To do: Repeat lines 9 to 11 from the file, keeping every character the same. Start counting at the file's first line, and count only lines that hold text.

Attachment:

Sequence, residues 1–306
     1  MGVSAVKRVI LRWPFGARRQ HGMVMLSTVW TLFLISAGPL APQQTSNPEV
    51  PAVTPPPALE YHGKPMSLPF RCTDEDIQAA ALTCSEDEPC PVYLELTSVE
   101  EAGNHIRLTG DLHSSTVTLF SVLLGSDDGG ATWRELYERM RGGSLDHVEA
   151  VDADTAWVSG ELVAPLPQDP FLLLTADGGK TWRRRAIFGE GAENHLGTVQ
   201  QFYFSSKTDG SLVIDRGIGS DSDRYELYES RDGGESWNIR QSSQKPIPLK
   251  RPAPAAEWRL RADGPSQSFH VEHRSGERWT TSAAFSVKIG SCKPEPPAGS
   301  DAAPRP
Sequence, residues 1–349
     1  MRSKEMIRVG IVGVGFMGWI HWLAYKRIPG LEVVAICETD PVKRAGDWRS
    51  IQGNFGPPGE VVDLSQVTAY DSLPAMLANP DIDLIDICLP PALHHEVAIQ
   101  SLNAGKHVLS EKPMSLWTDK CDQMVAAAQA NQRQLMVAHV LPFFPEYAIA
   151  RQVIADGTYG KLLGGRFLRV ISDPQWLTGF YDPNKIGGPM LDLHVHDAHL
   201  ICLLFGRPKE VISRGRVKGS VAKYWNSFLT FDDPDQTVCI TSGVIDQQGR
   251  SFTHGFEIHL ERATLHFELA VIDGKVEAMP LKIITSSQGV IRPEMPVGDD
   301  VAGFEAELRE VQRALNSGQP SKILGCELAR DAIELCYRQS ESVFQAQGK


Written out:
Sequence, residues 1–349
     1  MRSKEMIRVG IVGVGFMGWI HWLAYKRIPG LEVVAICETD PVKRAGDWRS
    51  IQGNFGPPGE VVDLSQVTAY DSLPAMLANP DIDLIDICLP PALHHEVAIQ